For more than a year, state and local officials have been vigorously extolling the ease, safety, and benefits of responding to the 2020 Census.
But now, with the head-count beginning, the state Complete Count committee lead by Lieutenant Governor Susan Bysiewicz while the focus of this campaign remains on the political representation and federal aid at stake, this conversation also stresses that residents need to be aware of potential scams aimed at the theft of money and personal information.
In particular, there is concern about the likely attempts to victimize residents who Census officials classify as among the hardest to reach – underserved and under-represented urban populations, which in Connecticut include hard-to-count low-income Hispanic and other minority urban communities.
“There are bad actors looking to prey on vulnerable people,” said Catherine Blinder, education, and outreach officer for the state Department of Consumer Affairs.
State officials said all residents need to be aware that scammers may try to impersonate Census workers by knocking on doors, sending emails, text messages, or regular mail, or even developing fraudulent websites.
“The Census Bureau will never send unsolicited emails requesting for your participation or ask for your social security number, political affiliation, bank account or credit card number,” Bysiewicz said
Part of the state’s outreach to underserved communities, Blinder has been contributing a consumer column to two of the state’s ethnically focused media outlets, Tribuna and White Eagle News. The former is published in print and online and includes articles in English, Spanish and Portuguese. The latter is a similar media source that targets the region’s Polish-American market.
These columns mostly stress the benefits of an accurate Census in funding services to low-income communities and to reassure undocumented residents, that their personal information will not be shared with any other government agency, the court of law or administrative proceeding, or private entity for any purpose.
At a recent press conference, Consumer Protection Commissioner Michelle H. Seagull and Attorney General William Tong joined Bysiewicz in addressing the scam issue.
“When something as important as the Census is on the mind of government officials and residents alike, scam artists try to find a way to capitalize on it,” Seagull said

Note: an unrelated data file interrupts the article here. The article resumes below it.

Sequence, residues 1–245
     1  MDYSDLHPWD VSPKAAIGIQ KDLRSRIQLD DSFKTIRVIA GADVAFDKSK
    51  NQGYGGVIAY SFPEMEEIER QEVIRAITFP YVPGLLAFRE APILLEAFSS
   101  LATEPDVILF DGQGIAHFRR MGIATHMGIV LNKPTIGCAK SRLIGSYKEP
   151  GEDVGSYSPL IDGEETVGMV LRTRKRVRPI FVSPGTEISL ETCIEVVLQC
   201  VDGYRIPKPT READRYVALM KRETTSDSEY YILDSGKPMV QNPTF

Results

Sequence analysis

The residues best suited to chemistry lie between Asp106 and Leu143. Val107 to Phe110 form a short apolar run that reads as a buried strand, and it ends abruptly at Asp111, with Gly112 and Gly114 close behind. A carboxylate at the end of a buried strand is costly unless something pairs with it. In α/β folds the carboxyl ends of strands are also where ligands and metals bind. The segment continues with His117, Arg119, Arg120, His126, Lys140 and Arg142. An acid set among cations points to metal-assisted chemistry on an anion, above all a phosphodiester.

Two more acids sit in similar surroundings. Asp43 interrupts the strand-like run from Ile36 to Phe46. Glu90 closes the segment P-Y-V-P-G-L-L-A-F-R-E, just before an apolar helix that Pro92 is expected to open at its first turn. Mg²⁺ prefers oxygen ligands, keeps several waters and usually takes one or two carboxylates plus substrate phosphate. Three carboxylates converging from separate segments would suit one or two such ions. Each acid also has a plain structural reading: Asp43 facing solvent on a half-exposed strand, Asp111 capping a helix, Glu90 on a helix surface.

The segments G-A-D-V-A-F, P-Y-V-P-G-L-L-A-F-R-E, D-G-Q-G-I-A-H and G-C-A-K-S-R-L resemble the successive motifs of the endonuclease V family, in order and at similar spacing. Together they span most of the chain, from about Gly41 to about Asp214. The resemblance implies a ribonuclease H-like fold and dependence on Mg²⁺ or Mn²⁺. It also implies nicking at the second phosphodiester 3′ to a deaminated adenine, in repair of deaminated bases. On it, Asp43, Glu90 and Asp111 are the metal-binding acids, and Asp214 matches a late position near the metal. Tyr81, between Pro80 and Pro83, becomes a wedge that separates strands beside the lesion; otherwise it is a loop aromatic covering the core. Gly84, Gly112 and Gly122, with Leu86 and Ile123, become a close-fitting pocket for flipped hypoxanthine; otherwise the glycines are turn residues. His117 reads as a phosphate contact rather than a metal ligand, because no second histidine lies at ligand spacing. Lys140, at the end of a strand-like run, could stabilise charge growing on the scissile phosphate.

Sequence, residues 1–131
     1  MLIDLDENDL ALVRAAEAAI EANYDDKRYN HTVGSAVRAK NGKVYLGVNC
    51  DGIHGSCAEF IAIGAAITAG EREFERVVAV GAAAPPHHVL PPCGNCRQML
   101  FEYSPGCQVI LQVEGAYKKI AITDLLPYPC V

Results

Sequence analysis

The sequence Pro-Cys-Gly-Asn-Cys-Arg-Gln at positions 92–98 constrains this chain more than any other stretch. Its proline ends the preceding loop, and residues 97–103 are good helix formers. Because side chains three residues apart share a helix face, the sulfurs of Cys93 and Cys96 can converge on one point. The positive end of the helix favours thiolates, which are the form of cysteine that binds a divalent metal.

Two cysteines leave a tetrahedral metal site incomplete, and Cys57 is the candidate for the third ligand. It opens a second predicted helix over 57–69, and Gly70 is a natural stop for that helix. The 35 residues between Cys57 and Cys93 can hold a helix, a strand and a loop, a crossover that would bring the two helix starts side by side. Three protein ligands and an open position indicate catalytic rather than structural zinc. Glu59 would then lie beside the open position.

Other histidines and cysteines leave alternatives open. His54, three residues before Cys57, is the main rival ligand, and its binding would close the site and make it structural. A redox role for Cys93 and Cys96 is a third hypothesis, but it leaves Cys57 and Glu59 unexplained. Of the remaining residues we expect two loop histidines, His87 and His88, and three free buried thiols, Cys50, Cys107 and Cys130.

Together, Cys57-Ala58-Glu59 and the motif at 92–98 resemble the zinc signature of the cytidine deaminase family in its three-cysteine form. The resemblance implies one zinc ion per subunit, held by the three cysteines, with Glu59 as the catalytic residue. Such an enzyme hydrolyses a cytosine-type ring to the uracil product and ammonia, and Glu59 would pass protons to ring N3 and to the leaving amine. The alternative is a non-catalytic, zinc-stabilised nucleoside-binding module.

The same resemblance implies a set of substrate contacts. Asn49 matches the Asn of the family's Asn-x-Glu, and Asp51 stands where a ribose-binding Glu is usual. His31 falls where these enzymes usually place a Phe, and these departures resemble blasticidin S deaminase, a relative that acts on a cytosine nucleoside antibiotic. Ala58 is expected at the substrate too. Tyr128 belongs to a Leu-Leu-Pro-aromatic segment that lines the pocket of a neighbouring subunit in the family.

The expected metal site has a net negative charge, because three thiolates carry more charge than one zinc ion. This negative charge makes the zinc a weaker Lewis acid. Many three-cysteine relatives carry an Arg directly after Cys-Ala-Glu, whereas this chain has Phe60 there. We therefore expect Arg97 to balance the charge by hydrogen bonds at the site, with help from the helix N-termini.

Tong focused on the need for residents to recognize and report any scam or fraud episode. “It’s imperative that we make sure every resident is counted,” he said, adding, “If you’ve been the victim of a scam, our office is here to help,” said Attorney General Tong.
State consumer officials and the U.S. Census advise the following:
• The U.S. Census Bureau will not send unsolicited emails asking participation in the 2020 Census or contact anyone on behalf of a political party.
• If someone makes a home visit to collect a response for the 2020 Census, verify their identity by checking that they have a valid ID badge with their photograph, a U.S. Department of Commerce watermark and expiration date.
• If anyone still has a question about the visitor’s identity, call 800-923-8282 to speak with a local Census Bureau representative.
To report a scam or instance of fraud, residents may contact the Office of the Attorney General at 860-808-5318 or file a complaint with the office at https://www.dir.ct.gov/ag/complaint, or contact the Department of Consumer Protection at 860-713-6300 or file a complaint with the department at https://ct.gov/dcp/complaint.
Also, anyone with a question about the Census or are having trouble filling out the form, may contact the following hotlines:
• Lawyers’ Committee for Civil Rights Under Law: 888-COUNT20 (888-268-6820)
• NALEO Educational Fund: 877-EL-CENSO (877-352-3676)
• Asian Americans Advancing Justice: 844-2020-API (844-202-0274)
• Arab American Institute: 833-3DDOUNI (833-333-6864)
Bysiewicz launched Connecticut’s Complete Count Committee in February 2019, stressing the financial and electoral implications of the survey.
Connecticut receives $10.7 billion in federal aid per year based on Census data. This federal aid helps to fund critical programs and services Connecticut residents depend on.
The Census data also determines the distribution of congressional and state legislative seats. Blinder described participation as empowering, “By participating we will have a voice in government,” she said.